With more than 1,100 entries written by some 500 distinguished contributors, The Oxford Companion to American Military History is "the most comprehensive treatment of American military history ever compiled" (Parameters: U.S. Army War College Quarterly) and an "easy-to-browse, well-organized work" (The Washington Post).
Here is a gold mine of information on American military history, exploring battles and soldiers, ships and weapons, services and doctrines--as well as the social and cultural impact of the U.S. military at home and around the world.
The Oxford Companion to American Military History boasts over 1,100 entries written by some 500 distinguished contributors. Readers will find Stephen E. Ambrose writing on the D-Day landing, James M. McPherson on the battle of Antietam, John Keegan on the changing experience of combat, Jean Bethke Elshtain on Jane Addams, Mark A. Noll on religion and war, and Robert M. Utley on Sitting Bull. Ranging from brief factual pieces to extensive essays, the entries examine every major war from the Revolution to the Persian Gulf; important battles from Bunker Hill, to the Alamo, Gettysburg, Little Bighorn, Normandy, and Khe Sanh; and military leaders from Washington to Grant, Lee, Eisenhower, MacArthur, Westmoreland, and Schwarzkopf. Moreover, the Companion goes well beyond the usual "drum and trumpet" coverage to examine a wide range of subjects you might not expect to find. There are entries on relevant acts of Congress and on diplomatic policies such as the Monroe Doctrine and the Marshall Plan; on peace and antiwar movements; on war in film, literature, music, and photography; and on war viewed through the disciplinary lenses of anthropology, economics, gender studies, and psychology. The result is the widest ranging account compiled in one volume of war, peace, and the U.S. military.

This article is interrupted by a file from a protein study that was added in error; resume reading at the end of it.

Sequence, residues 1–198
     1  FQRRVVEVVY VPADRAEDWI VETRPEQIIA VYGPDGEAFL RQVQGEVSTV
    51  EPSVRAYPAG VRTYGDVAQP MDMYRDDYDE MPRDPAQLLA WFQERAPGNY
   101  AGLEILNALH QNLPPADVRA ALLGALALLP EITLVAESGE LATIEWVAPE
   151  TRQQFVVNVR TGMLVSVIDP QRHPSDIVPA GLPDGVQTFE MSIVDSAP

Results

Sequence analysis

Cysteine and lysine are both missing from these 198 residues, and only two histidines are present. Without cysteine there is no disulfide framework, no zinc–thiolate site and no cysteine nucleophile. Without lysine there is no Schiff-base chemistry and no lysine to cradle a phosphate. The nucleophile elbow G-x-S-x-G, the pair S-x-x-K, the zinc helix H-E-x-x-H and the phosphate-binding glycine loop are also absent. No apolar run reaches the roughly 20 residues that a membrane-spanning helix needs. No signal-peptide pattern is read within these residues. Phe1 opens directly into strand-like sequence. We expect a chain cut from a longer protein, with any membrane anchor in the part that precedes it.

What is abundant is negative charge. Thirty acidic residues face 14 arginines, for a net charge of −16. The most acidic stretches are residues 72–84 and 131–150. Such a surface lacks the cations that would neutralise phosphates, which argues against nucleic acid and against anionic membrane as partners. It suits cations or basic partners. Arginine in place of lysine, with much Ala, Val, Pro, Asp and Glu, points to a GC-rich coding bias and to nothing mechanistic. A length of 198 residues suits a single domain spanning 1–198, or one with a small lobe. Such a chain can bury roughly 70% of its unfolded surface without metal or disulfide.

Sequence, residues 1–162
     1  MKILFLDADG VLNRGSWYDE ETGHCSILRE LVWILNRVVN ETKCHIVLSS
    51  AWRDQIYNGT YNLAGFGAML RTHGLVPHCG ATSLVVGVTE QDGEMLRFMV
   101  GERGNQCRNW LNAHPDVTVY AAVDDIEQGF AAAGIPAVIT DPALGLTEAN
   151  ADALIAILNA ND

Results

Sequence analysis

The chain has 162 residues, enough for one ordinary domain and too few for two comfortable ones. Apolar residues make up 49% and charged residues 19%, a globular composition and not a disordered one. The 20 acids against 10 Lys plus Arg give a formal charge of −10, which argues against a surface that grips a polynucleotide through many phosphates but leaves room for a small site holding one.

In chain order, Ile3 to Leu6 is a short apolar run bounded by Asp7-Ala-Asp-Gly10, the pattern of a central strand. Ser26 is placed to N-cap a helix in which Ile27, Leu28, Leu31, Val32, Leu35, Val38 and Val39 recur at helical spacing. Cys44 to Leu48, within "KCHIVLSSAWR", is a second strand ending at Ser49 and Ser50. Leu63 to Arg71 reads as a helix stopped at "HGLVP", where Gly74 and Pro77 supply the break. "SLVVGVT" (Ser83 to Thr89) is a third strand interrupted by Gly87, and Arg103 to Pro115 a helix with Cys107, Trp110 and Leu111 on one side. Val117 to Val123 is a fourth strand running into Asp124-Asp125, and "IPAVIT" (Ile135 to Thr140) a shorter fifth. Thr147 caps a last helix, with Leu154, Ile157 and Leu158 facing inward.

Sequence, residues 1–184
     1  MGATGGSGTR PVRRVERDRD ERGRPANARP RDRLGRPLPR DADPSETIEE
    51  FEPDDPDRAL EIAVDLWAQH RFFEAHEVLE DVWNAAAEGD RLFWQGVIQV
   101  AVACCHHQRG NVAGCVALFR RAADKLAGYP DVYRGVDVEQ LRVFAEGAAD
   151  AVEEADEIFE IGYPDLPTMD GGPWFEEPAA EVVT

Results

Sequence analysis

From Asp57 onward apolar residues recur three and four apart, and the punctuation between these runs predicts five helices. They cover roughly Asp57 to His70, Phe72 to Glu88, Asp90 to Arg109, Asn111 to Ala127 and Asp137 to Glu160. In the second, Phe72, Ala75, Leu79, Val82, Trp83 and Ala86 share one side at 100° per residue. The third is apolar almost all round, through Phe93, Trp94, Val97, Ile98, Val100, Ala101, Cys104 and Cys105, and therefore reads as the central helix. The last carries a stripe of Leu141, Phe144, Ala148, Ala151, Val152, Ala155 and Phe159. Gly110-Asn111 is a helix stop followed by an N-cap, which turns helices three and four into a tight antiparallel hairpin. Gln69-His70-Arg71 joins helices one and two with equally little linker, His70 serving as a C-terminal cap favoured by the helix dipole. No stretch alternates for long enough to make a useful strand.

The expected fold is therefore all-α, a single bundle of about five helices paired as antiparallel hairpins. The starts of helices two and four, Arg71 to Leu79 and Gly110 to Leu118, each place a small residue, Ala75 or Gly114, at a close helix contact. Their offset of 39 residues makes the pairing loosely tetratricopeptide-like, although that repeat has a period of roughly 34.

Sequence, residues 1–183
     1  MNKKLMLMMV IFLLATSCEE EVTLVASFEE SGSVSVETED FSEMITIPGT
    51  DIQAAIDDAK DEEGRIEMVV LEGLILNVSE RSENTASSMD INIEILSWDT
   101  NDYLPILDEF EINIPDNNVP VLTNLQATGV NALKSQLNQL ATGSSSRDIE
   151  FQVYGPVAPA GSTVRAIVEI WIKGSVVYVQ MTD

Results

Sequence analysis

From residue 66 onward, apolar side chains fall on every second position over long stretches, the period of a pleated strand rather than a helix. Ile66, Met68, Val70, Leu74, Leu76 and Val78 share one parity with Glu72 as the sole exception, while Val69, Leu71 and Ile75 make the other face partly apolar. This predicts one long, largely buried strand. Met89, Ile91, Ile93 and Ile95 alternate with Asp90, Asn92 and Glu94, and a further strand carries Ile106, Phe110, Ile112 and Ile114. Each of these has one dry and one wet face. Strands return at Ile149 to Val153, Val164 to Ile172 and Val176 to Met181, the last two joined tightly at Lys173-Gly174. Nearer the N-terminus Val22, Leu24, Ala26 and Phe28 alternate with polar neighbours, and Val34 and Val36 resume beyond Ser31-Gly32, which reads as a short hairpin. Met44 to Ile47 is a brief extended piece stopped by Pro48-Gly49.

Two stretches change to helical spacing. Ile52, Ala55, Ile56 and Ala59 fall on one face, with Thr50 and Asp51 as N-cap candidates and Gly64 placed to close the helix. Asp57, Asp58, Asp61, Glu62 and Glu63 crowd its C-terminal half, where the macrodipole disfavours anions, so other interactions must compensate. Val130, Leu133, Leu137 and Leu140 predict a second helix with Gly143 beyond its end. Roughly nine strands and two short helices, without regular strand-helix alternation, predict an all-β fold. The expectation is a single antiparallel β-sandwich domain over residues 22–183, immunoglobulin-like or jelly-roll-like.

With over a thousand authoritative and vividly written entries, maps of several major wars, extensive cross-referencing, lists of further readings, and an index, this volume is the first place to turn for information on our nation's military history.
This book is big, heavy, and expensive, but as a comprehensive reference of military history it is well worth it. More than 1100 alphabetically arranged entries cover every aspect of American military history--from Bunker Hill in 1775 to the Gulf War in 1991. Using everything from brief entries to extensive essays, this one-volume treasure does much more than list battles and generals; it "explores the changing nature of war and the military." Of course, people, places, battles, and weapons are included, but those expected entries are nicely balanced by entries on logisitics, the laws of war, propaganda, anti-war movements, foreign trade, war plans, politics, literature, art, and movies. Essays on the history of land warfare and the disciplinary views of war are particularly good. Chambers (Major Problems in American Military History) has assembled 500 contributors, including noted historians John Keegan and Stephen Ambrose, to provide expert analysis, insight, and understanding of the American way of war. Although the accompanying maps are too few and too bland to be of much use, this book is otherwise comprehensive and lively. Highly recommended for all public libraries.--Col. William D. Bushnell, USMC (ret.), Brunswick, ME Copyright 2000 Cahners Business Information.